Going to college — despite what you may think — is not a complete waste of time, even if your dream is to become a successful entrepreneur.
College comes around during a time in our lives when we are still doing our best to find ourselves, to find our purpose in life and to find, in a sense, ourselves.
Many will argue that if they wouldn’t have to go to college, they could spend that time making money and starting their business.
And that may very well be true. But don’t expect not going to college to equal your immediate success. Sure, you could get lucky and hit a success your first time at bat, but that rarely ever happens.
Being a successful entrepreneur takes many circulations of attempts and failures. The real question is whether you are better off hopping right on the horse, or going to college first to be better prepared.
The decision is yours, but I’ll share a few benefits that I found college does have for aspiring entrepreneurs:
Depending on where you go to college, you may have access to the rubbing of elbows with some important people or people worth knowing. Many successful entrepreneurs, advisors, consultants or friends of important people either teach at or lecture at colleges.
College can put you in close proximity to the people that you want to know — your only job then is to get some face time with them.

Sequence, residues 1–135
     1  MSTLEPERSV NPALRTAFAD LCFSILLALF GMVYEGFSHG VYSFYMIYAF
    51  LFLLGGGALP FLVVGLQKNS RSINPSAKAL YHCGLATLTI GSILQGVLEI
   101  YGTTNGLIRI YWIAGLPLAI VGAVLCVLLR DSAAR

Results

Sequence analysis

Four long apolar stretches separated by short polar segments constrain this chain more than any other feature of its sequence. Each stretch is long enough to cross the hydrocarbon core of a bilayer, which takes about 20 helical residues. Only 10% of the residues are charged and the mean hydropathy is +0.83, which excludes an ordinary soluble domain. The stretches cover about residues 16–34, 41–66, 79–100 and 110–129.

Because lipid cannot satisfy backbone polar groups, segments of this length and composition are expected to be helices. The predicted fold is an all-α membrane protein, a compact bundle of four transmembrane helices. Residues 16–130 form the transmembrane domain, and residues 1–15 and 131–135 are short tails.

Luckily, this is pretty easy. Most people won’t say no to you picking their brains for a few minutes over coffee — as long as you’re buying.
Networking in the real world with no connections to begin with is more difficult than coming up to Elon Musk after he gives a speech at your school.
Writing emails is usually a miss rather than a hit unless you can add that you already heard them speak or spoke to them when they were visiting your school.
Networking is all about getting access to the people you want to talk to and then having the balls to go talk to them. School gives you access; the rest is up to you.
2. Finding What Your Made Of
Too many people are in a hurry to start a business. Being an entrepreneur is one of the most stressful, difficult and depressing careers out there.
It’s filled with uncertainties, stressful/dire situations and requires an extreme amount of focus and dedication. If you plan on being an entrepreneur, then you better be damn sure you know your own colors.
Too many get picked up off their feet by the prospect of starting a successful multi-million or billion dollar company. That cloud you are floating on won’t hold you up for too long. Once the going gets tough — which is almost instantly — will you be able to keep going?
You have to know yourself, know what you like and don’t like, know your limits and resilience, before getting into entrepreneurship because it could literally mean costing your life. College allows us time to find ourselves.
We can spend time trying different electives, learning about the history of the world and of man, the psychology of humans and even business strategies that can come in handy.
Sure, most of what you will learn in college can be learned in less than half the time by reading a few books, but during those four years, you will be able to learn a whole lot about yourself and what makes you tick.